Congratulations college seniors—you’re mere weeks away from being done with school forever (or for now, at least). It’s time to celebrate, time to rejoice in the luxury of no more homework, and time to start the job hunt.
While some people hear “job hunt” and panic, you shouldn’t! As daunting as the process can seem, it is a process, and that means anyone can do it successfully. With that said, the first time can be a little overwhelming, which is where I come in—I’ve put together this guide of everything you need to send in your first application.
Let’s get started!
Step 1: Figure Out What You Want to Do
First up, the big question that has no right answer: What do you want to do with your life? Wait—before you fill in the blank, know this: You don’t need to figure out your life right now, just your first job (nothing’s permanent!).
If you have no idea where to even start, consider your favorite classes or discussions in college, activities and clubs you’re involved in, really anything you’ve enjoyed in the past few years. What issues get you riled up? What topics bore you to tears? Your initial responses to these should get you close to an industry, if not an actual title. You can refine it even more by asking yourself these questions from Muse writer Lily Zhang: What can I do to help other people? What does my ideal day look like? What do I find intolerable?
Still not sure? Take a look at the company profiles on The Muse and see what sounds interesting to you.
Step 2: Curate Your Online Presence
Now that you know what industry you’d like to go into, it’s time to start crafting your online presence to fit that. Because in almost every single field, you will be Googled by a hiring manager—and you don’t want them to see anything, say, your mother wouldn’t be proud of.
For starters, you’ll want to get your LinkedIn ready by writing an awesome summary highlighting your achievements, skills, and interests. Once that’s all set, you should plan on staying active and engaged on the platform—that means sharing interesting articles, connecting to people, and finding groups you feel comfortable participating in. You might also want to consider editing or privatizing other social media accounts such as Facebook or Instagram that you prefer to use more casually (again, think about your mom).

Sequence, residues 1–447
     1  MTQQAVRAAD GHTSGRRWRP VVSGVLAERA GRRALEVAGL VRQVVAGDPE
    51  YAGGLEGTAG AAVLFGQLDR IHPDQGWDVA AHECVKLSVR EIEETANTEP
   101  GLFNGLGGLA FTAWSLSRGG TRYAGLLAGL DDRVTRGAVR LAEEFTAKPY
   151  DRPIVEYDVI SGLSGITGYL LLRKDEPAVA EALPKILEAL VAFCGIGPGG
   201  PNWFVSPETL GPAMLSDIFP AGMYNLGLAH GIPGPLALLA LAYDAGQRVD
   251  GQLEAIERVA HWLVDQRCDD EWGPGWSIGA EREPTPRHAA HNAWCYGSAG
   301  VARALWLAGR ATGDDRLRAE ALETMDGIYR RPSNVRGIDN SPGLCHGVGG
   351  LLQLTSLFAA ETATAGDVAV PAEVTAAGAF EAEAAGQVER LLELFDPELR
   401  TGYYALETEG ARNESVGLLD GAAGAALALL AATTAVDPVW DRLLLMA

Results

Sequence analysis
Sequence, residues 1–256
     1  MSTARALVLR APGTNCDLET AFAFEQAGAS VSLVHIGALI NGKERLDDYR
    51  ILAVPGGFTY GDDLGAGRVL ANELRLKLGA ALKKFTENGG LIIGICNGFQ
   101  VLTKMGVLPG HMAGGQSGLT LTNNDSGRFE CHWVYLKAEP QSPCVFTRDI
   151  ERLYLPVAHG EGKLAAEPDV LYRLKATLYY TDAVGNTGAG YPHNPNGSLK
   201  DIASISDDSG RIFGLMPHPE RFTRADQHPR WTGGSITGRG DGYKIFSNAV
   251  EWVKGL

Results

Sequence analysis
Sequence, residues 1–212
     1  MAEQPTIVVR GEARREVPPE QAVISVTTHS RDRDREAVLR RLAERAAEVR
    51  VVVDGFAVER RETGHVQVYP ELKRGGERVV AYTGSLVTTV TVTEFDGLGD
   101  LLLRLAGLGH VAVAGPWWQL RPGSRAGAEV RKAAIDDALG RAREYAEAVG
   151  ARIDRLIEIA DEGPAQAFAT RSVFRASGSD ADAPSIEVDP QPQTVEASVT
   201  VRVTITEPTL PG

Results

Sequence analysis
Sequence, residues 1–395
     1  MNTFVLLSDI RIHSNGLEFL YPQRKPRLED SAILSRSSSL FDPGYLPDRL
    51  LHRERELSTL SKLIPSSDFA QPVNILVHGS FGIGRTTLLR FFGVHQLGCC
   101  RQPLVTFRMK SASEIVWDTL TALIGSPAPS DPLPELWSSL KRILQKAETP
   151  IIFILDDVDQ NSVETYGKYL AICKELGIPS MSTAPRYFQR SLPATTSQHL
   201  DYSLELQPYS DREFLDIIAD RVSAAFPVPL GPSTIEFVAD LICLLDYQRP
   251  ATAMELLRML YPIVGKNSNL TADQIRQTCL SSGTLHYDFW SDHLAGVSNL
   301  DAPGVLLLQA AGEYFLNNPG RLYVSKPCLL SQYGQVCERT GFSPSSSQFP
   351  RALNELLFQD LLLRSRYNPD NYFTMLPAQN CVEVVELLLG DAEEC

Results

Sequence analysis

In addition, you should also consider launching your own personal website, whether it’s a blog or a portfolio. This is a fun and creative way to showcase your work, your hobbies on the side, or your personality—and a lot of times companies will ask you for these supplements in your application.
Step 3: Find Open Positions
So, where do you look to even find postings? My first go-to is The Muse (Duh!). Here, you’ll be able to search by industry, city, level (it’s safe to say you’ll be looking in the entry-level category), or individual companies.
In general, when scrolling through job openings, you’ll want to be looking for the same things you listed earlier in what interested you. For example, if you really want a company with a social mission, take a peek inside the office and listen to what employees say. But be aware of what the posting is looking for in you—if it says a candidate must be proficient in Python and you’ve never heard of that, maybe it’s not the right role for you (or, a sign you should take an online course before applying!).
And, if you’re going into a more niche field, try using specific job search websites that cater to that.
Step 4: Network
Know exactly what company you want to work at, but not seeing any openings? That’s a great reason to start networking. Not only will it help you get your name (and resume) out there, but it’s an opportunity to meet someone who knows a lot about the company and can give you some good advice on how to break into the field—and also maybe some job leads. Even if it doesn’t necessarily lead to an offer at that specific organization, you’ve still made an invaluable connection for down the road.
To do this, you should look into job fairs in your area, connect with professionals over LinkedIn, or reach out to old and new connections you may have and see if they’d be willing to go on a coffee date.